Exploring London’s East End

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Huguenot refugees. Irish weavers. Jewish immigrants. Bangladeshis. Hipsters. Artists.

All of these groups — disparate as they seem — have at one point or another called the East End of London home.

Today known for the curry houses of Brick Lane and as the birthplace of graffiti artist Banksy, the East End has developed and evolved over the years into a diverse and up-and-coming neighborhood. With the exception of Brick Lane, though, it's not a place many tourists venture to. There's no Big Ben or Buckingham Palace to be found here. In fact, you'll find a lot of old warehouses and factory buildings; even shops built in converted train cars.

Which is exactly why I wanted to spend some time here.

Street art in the East End of London

I booked an “East End Uncovered” tour with Urban Adventures in order to learn the history of this interesting part of London.

East End London
My favorite buildings – Georgian homes on Fournier Street.

There was a time when the East End of London was not actually part of London at all. The area was once a separate village outside the Roman walls of the city; a place where the poor and the immigrants went to live when they could not afford to live within London itself, or when overcrowding forced them out.

What happened, though is a typical tale of expansion and absorption — eventually, as London grew, it encompassed what is known today as the “East End” and beyond.

Hoxton Square London
Hoxton Square

The first group of immigrants to this part of London were Huguenots escaping religious oppression in France. They brought with them looms and weaving, paving the way for Irish weavers and Jewish immigrants in later decades. By the late 1900s, immigrants from Bangladesh were the most numerous. They still make up a large part of the population in the East End, and are partially responsible for curry being England's national dish.

Today, though, yet another group is moving into the neighborhood — hipsters and artists drawn to the area's grittier, creative side.

East End street art

East End street art near Brick Lane

Walking through the streets of Hackney, Hoxton, and beyond, I learned so much about a part of London that, to be honest, I had never given much thought to before.

Here are some things I learned that you probably don't know about the East End:

The Regent's Canal runs through the East End. It was built as an alternative way to transport goods through London, back in the days when horses and carts would get bogged down in the mud and muck that made up city roads.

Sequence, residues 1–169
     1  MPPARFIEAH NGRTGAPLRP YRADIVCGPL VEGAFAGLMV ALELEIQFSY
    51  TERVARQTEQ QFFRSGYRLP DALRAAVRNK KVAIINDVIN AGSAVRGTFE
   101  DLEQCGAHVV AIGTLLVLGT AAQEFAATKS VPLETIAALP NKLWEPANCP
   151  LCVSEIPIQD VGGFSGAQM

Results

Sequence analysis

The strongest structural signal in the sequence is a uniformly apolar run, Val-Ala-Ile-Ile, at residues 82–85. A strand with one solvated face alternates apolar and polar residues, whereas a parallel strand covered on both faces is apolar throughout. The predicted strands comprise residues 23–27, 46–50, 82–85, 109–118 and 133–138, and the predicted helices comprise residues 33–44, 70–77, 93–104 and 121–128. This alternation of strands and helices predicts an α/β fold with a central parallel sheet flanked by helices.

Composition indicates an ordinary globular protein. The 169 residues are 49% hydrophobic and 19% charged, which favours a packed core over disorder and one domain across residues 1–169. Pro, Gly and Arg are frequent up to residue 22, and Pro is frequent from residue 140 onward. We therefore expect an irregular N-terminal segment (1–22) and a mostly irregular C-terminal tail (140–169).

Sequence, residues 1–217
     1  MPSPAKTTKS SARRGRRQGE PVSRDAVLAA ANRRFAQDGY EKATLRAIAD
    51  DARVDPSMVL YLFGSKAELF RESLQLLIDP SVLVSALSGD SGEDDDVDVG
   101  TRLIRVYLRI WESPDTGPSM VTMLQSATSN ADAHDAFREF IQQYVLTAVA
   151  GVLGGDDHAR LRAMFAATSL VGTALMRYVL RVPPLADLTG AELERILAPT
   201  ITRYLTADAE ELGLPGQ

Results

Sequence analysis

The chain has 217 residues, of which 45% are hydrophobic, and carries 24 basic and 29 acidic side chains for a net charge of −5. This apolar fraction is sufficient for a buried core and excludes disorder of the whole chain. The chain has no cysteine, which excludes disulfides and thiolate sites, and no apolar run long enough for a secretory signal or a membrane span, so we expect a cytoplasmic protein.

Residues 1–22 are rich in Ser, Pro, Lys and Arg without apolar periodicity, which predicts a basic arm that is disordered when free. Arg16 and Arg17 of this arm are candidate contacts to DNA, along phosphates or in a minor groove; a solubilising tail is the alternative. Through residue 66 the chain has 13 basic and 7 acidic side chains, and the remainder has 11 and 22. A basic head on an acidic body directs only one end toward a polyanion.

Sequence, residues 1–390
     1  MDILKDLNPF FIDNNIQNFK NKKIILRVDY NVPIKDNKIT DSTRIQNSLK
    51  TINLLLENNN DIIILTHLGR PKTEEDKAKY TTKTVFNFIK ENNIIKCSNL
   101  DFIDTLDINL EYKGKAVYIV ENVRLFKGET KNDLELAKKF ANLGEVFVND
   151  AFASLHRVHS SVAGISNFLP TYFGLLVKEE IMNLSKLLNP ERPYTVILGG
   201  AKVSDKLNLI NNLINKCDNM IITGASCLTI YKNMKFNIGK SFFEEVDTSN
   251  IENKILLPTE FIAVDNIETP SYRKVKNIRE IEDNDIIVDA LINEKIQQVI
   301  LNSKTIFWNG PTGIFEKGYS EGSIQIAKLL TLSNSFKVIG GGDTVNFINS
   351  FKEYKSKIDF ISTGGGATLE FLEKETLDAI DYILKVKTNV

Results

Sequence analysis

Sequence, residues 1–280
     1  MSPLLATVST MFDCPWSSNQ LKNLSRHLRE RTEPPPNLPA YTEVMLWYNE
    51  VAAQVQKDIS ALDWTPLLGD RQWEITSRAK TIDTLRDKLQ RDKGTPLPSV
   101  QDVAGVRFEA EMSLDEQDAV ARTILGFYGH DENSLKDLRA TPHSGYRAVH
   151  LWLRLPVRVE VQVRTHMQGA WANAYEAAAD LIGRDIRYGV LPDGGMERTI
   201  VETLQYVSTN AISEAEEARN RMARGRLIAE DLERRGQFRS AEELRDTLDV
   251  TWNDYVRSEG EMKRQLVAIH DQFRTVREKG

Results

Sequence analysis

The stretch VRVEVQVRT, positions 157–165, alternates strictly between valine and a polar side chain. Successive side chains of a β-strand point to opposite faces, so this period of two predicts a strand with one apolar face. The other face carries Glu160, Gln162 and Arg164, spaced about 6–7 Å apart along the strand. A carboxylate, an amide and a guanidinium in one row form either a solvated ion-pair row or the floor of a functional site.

Regent's Canal East End

The East End was heavily bombed during WWII. In fact, parts of it were almost completely leveled. You'd never know it today, though.

There are Shakespeare ties. Burbage's famous Theater (the first successful theater in London) was located in the East End neighborhood of Shoreditch — as was the first version of Shakespeare's Globe theater. Burbage is buried at St. Leonard's in Shoreditch.

Hitchcock began his filmmaking career here in the East End at Gainsborough Studios.

East End
Ode to Hitchcock

Jamie Oliver also calls this part of London home; his head offices and Fifteen restaurant are in the East End.

Jack the Ripper preyed here. The East End today can still be a bit seedy, but it used to be way worse. The infamous Jack the Ripper murders all took place here in 1888, with some of the victims drinking in local pubs right before they were murdered.

East End alley

Oysters and eels used to be poor man's food here in the East End. Because the area was so close to the docks, the cheapest food for many people living here was actually fresh seafood. Not a bad diet, really.

Speaking of food, fish and chips was “invented” here. The chips were adopted from Belgium and the buttered fish from Portugal, but it was a young Jewish boy who began selling them together here in the East End.

It is evolving. Some of the homes and old warehouses in the area have been beautifully restored and repurposed as fancy apartments and town houses. While the East End used to be home to some of London's worst slums, the price to live here is steadily rising.

East End London

Today, the East End is becoming very artsy and a haven for hipsters. The art movement arguably began around Hoxton Square, and has spread rapidly. Graffiti artist Banksy started his work here, and now anyone who wants to be anyone in the street art universe comes to the East End.

East End Banksy
Possibly the last remaining original Banksy in the East End – it's protected behind glass.
East End
Street art can be anything!

The East End is so interesting. From the street art to the curry houses to Spitalfields Market, the area has an interesting vibe. Still a bit gritty, but also creative and exciting. It will be interesting to see what it evolves into in the next few decades.